The easiest way to attach keys to key rings

Here’s a life-saving (or at least nail-saving!) tip for anyone who has to regularly attach keys or key fobs to key rings.

When building demonstration kits for our Key Management Software, we couldn’t believe there was no fast, simple method for attaching key rings to key fobs.  The best we had come up with was using a small flat, screwdriver to lever the ring open and then insert the key or fob.  Then we found this YouTube video, which shows that the humble staple remover has the answer! Continue reading “The easiest way to attach keys to key rings”

Is the traditional metal key becoming obsolete?

This thought-provoking article from the BBC News Magazine has been published yesterday:

http://www.bbc.co.uk/news/magazine-29817520

It argues that since cars are increasingly turning to keyless systems, perhaps we will eventually also replace our metal house keys with keyless systems. A keyless system is certainly not a precise description, in the case of cars it means having a keyfob in your pocket which the car is able to sense when you are close-by. It then unlocks itself and gets ready to start the engine, meaning that the driver no longer needs to insert a key or push a button on the keyfob. In the case of hotels, hospitals and schools metal keys are being replaced with electronic keycards, or even with fingerprint or iris scanners.

The article then goes on to present the counter argument, which is that most people feel that their house keys as far too important to entrust to new types of technology which might go wrong. Metal keys have been around for centuries and are reliable, so why replace them?

So, will this eventually mean lettings agents and estate agents no longer have to look after keys? Would a system like Keyzapp that helps speed up the time consuming processes involved in managing the keys become redundant?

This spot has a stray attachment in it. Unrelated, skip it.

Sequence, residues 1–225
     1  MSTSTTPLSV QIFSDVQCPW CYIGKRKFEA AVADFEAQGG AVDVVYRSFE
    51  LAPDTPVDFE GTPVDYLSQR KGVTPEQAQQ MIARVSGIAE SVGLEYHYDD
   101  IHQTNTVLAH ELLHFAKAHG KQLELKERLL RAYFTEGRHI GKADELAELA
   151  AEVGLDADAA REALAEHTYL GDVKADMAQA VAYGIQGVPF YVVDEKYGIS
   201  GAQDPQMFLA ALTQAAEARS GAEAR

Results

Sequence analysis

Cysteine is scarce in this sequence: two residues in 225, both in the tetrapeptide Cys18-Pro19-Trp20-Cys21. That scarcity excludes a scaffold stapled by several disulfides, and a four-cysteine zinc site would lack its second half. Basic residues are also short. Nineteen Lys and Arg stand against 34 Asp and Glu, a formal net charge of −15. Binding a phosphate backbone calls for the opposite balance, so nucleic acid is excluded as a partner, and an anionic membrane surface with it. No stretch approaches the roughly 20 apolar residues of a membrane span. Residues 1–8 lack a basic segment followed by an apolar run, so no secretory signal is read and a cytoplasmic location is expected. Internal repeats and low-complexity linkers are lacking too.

Well, as the article points out, nothing is going to change quickly when it comes to house keys, so we can expect our customers to have to look after multiple metal keys for many years to come. Even if metal keys are replaced, an electronic keyfob or keycard is still required, so lettings agents and estate agents would still have to look after the electronic keyfobs in a similar way to the current metal keys. We will be keeping an eye on the development of these electronic keyfobs, as they use similar technology to the ‘tap or scan’ technology used by Keyzapp. In the future we may be able to combine the key and the details currently held on Keyzapp keyfobs into one single keyfob.

The article also presents some interesting ideas around using new technologies to allow the right people into the right house but only at pre-agreed times. This means a central system is able to program the lock, and then each person allowed into the house has their own unique identifying key. This could be really useful for contractors going to rental properties, and it would mean that having a central system that knows about all contractors, issues them with ID tokens, and also keeps track of when they will need access to which property would be crucial. Keyzapp already handles these aspects, so perhaps the Keyzapp of the future will stop managing the keys and instead start managing the locks!